Guest blog post from Duncan McLea of Swindon Home Brewers
We are always told sanitation and temperature control are two of the fundamentals when brewing a decent beer, get these wrong and you can infect or off flavour your brew. Temperature control might not be so fundamental with Kveik yeast which can be used to ferment up to a temperature of 40° C. Surprised, I was until I tried it…
KVEIK (pronounced like K-VIKE) means yeast in Norwegian local dialect. it is an ancient yeast that’s usually formed of several strains some naturally produced over many years. Its not a strain Kveik is the name of the yeast. It is historically used in Norwegian local farmhouse beers and there are many different types. Don’t let “farmhouse” fool you it is far from farmhouse funky and is now being used to quickly produce many different styles of beer due to its unique properties.
Kveik can tolerate temperatures from 20° to 40° C with no off flavours (fusel alcohols, diacetyl, or acetaldehyde) and produce a beer with a balanced or fruity ester profile depending on the strain. It is a busy super-fast yeast that takes off quickly, some report in as little as 30 minutes. A high flocculation rate means it can drop out to a clean beer in as little as three days depending on the strain. It has been described as the most flocculent yeast people have ever used. Afterall its purpose was to quickly brew beer that was drinkable in as little time possible, very rarely was Norwegian farmhouse beer conditioned in the past. Brew, ferment, drink which is the impatient brewer like me.
Having experimented with OMEGA YEAST – OYL-061 – VOSS KVEIK to brew a Chinook and Comet IPA at 28° C I was amazed my airlock coped with the speed of fermentation. From pitch to completion in 4 days a little cold crash and it was done. Although a bit green the first taste from the keg after a day was very drinkable. Conditioned for a few weeks and the yeast profile with the hops has really come through to a pleasant citrus beer with a spicy note to it. You do however have to be careful the hop profile does not overpower what the yeast brings to the beer. Some people have been known to brew with little or no hops when using Kveik but that depends on what you really want from your final beer and the final flavour. Something I may try.
At the moment, being the impatient brewer that I am, I cannot find a down side to this yeast and the two brews I have done (I plan to do and write about many more as I feel some experimenting with temperature and styles coming on).
The upsides are many but just a few below:
- Minimal temperature control if any (more to follow on fluctuation of temperature)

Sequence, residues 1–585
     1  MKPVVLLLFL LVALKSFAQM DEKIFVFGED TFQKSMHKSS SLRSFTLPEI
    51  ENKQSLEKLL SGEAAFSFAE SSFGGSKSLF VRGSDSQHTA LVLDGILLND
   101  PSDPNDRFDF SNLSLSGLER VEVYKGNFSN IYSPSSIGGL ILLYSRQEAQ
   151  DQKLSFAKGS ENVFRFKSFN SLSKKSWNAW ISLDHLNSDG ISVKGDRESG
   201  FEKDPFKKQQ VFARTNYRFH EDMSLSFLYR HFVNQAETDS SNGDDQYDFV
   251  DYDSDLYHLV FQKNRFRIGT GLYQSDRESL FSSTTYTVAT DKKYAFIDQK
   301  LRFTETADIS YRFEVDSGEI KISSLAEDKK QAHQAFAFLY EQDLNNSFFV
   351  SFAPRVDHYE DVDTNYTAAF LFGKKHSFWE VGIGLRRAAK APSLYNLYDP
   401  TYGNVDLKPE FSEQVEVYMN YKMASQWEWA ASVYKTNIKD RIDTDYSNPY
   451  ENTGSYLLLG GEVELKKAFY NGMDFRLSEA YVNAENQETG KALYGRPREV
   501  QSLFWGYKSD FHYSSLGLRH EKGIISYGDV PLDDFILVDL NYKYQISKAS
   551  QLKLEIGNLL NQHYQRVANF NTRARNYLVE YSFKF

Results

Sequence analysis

- Quick fermentation
- Super Flocculation with high attenuation
- Easy to harvest and long viability
- Can be used to brew almost any beer
Beware though bottling can be an issue due to high flocculation there may not be any yeast left to condition your beer. You may need to add yeast to the bottles to ensure carbonation.
Kveik has been developed into commercial strains that perform equally with many differing characteristics and at varying high and low temperatures. With commercial Kveik available from suppliers at Escarpment, Omega, WHC, Yeast bay and Fermentum Mobile there is now a wide range to choose from that will suit many profiles of beer.
To find out more you need check out the “Kings of Kveik Yeast” Lars Marius Garshol at Larsblog. A blog on Kveik would really not be right with out bowing down to them. Without Lars Marius and Håken Hveemat this yeast would not be available commercially.
This really could be the yeast that has something for everyone. The new brewer with no temperature control, the impatient brew it drink it type no conditioning (that’s me), or the expert wanting to experiment with different flavours and temperatures. If you want a fast acting, high flocculating, clean yeast where temperature control might be an issue this is the yeast to use. So dig out your favourite recipe and substitute the yeast for a Kveik to experiment with its potential to do a quick clean brew, fermenting behind the couch in the living room, or in the state of the art stainless steel fermenter give it a go. It may surprise you.
Check out Martin’s initial blog post Green Tomato beer with Kveik Yeast
Many thanks to Duncan for his post, if you have any brewing experiences or posts that you would like us to feature on our blog then please do get in contact with us using email firstname.lastname@example.org